To anyone who actually reads this, I'm going to give my shameless plug. I started a CafePress store to support my pirate crew, Harlequin Specter. The procedes from the store will (hopefully) pay for the website and help with the buss project. If you're looking for unique gifts to give to your piratey friends, take a look at the Harlequin Specter merchandise store. I designed a special ornament just for the holidays. Here it is, hanging on my tree.

Tuesday, December 06, 2005

Templar Surcoat

The Captain will be knighting a small groug of children for a birthday party. Wanting to look the part of the knight, he wanted a tradtional crusaders surcoat. Museum Replicas is currently selling reproductions based on the movie Kingdom of Heaven. This is the set he originally wanted.

Given the time frame (1 week, keeping in mind I work a full time job), I realistically couldn't do the cloak and the surcoat. After talking with the Captain about what he wanted, I decided to just do the surcoat for the birthday party, and work on the cloak throughout the winter. I'd rather not rush through the cloak, plus I'd like to use a good quality fabric. A full sized hooded cloak will take 7-8 yards of fabric for the outer layer and then again for the liner.

The Captain supplied me with a nice thick off white cotton for the surcoat The plan was to line the surcoat with the same fabric. Unfortunately, as large as the fabric was, after drafting the pattern, there was not enough for a liner. I made a quick trip to the local fabric store and picked up 3 yards of unbleached cotton muslin for a liner. Here Chupa supervises as I rough out the surcoat pattern.

After cutting the pieces for the surcoat, the next task was to make the cross to be applied to the front. I searched on line and came up with a few images of what a templar cross should look like. Instead of the straight edges that Museum Replicas has, the ends of the templar cross are flanged. Since this cross is symetrical, I caould get away with making it in 2 pieces. I drew the cross freehand on a piece of dark red fabric and cut 4 pieces, 2 for the cross to go on the surcoat, and another 2 to for the cross on the cloak. Applying the cross was time comsuming and frustrating. I carefully floded over the edges and ironed them under. Then I pinned the cross pieces into position on the surcoat front and sewed around the edges of the cross. After all this, the cross is a bit crooked, not much, but enough for me to notice. Shhh...maybe Cap'n won't notice.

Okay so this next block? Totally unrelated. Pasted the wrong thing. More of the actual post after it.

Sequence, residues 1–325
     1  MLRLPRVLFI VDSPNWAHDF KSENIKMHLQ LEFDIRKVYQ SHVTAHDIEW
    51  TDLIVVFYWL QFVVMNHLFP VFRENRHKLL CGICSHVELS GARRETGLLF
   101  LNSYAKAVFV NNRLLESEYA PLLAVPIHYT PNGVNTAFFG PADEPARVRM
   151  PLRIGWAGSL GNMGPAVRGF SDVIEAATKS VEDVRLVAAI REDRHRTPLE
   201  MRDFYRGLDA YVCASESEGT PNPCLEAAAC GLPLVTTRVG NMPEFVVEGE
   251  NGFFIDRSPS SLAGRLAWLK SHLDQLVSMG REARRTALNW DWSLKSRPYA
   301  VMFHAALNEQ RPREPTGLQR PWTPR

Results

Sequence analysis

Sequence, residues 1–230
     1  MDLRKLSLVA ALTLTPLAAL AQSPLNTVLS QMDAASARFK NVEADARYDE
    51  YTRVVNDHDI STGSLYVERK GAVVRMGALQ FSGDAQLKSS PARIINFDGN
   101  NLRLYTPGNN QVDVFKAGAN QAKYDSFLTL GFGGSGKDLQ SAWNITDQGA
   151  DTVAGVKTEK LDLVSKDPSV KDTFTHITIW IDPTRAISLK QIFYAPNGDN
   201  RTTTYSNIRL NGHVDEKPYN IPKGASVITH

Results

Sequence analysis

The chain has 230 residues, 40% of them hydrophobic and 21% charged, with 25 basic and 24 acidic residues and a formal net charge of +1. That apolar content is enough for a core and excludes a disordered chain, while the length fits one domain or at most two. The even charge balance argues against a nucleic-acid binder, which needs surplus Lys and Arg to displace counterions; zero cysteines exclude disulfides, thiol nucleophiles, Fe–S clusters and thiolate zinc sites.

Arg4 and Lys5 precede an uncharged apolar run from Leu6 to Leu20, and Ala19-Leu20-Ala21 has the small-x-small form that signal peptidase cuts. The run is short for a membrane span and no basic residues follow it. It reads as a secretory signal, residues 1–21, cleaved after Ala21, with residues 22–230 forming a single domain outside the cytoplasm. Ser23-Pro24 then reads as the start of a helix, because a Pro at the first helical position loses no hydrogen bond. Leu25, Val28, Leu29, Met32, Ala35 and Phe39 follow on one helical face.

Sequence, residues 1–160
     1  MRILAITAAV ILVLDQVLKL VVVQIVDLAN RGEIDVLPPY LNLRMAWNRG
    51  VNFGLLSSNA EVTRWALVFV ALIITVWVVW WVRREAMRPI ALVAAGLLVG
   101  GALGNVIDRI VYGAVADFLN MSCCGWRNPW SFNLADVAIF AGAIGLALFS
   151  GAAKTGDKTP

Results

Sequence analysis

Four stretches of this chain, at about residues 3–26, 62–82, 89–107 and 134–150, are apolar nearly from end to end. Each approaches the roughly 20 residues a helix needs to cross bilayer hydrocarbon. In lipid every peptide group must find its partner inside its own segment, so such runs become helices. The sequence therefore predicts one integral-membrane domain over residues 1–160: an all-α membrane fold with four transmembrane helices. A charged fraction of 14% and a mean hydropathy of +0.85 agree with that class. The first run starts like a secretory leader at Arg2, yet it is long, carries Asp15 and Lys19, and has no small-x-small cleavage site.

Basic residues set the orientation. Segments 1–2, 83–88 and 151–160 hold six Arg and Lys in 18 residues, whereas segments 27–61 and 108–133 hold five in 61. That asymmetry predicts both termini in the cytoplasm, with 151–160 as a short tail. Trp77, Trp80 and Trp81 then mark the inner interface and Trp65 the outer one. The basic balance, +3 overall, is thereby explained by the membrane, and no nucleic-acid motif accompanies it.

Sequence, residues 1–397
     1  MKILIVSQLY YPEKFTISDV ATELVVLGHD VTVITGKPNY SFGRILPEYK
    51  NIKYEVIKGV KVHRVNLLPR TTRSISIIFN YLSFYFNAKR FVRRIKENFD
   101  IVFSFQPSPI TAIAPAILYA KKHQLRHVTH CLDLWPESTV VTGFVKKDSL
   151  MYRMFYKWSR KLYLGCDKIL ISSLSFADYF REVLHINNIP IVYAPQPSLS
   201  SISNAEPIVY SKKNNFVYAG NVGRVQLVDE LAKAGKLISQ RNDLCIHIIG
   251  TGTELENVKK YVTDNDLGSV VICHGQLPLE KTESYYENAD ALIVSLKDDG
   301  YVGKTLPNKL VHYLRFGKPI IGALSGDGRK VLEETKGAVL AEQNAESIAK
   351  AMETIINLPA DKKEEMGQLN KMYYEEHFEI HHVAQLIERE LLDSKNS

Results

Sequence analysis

Sewing the 2 surcoat pieces together for both the outer layer and the liner was pretty easy. This is a very simple design. Next was to sew the liner into the outer layer. It took some time pinning everything into place, but was fairly uneventful.
Now that the surcoat was nearly complete, I just needed to put the split in the front and back. I simply cut up the center of the surcoat, from the bottom to about wasit level. After that i just folded the outer layer and liner in on themselves and sewed into place. And I have a completed knight's surcoat. Now I just await the Captain to try it on.
My sewing machine glows with pride

Wednesday, November 30, 2005

There and Back Again

How soon the blog withers away. It's been awhile since I've updated, but, well, I'm feeling particularly mouthy today. It might have something to do with the amount of diet coke I've managed to consume today. Hmmm...

First things first. Happy Thanksgiving to all who celebrate. That special time of year when families get together and try to pretend they like each other while giving thanks to those noble native peoples who made this great country possible before having their land ruthlessly stolen from them.

All kidding aside, I like the Thanksgiving and I enjoyed visiting my sister, her husband, and his family over the much too brief holiday. I was able to get out of work a little early on Wednesday and start my drive to Pittston, PA. Even with the traffic on the NY throughway and a couple of stops it only took a little over 7 hours. I was greeted by 4 of the 5 cats. Vinnie, a rescued stray, was a little too shy to come meet the guests. I'm told he's quite affectionate when the house is a little more empty. The others are Chewy and Tylo who was declawed and then put outside, both rescued
from a previous neighbor; Jacob, another rescued stray; and Liza, the old queen of the house, now currently missing an eye due to cancer, but otherwise fine.

Instead of cooking dinner at home, we decided to go out for a Thanksgiving buffet. The food was great and while I made a great attempt to sample a little of everything, there was just too much to choose from. The bueaty of a buffet is that there is something for everyone there. Don't want turkey? Try the ham, roast beef, fish, or pasta dishes. Not in the mood for pumpkin pie? Go for the chocolate silk or one of the many cheese cakes. Needlessly to say, I left with my pants fitting a bit tighter than when I went in. The only downside - no Thanksgiving leftovers (although this wasn't such a problem for me since I ate enough at dinner to last me a couple of days).

On Friday morning we went to Steamtown, a train musuem. We looked at a few of the exhibits and some great WWII propaganda advertising and then rounded out the visit with a ride on one of the trains. I'd like to go back next time I'm in the area to finish looking at the exhibits. Unfortuanely because of my tight schedule I didn't get to look at the technology exhibits. I'd also like to go on a day when they're running the steam engines. The train we rode was a 1920's-ish diesel engine.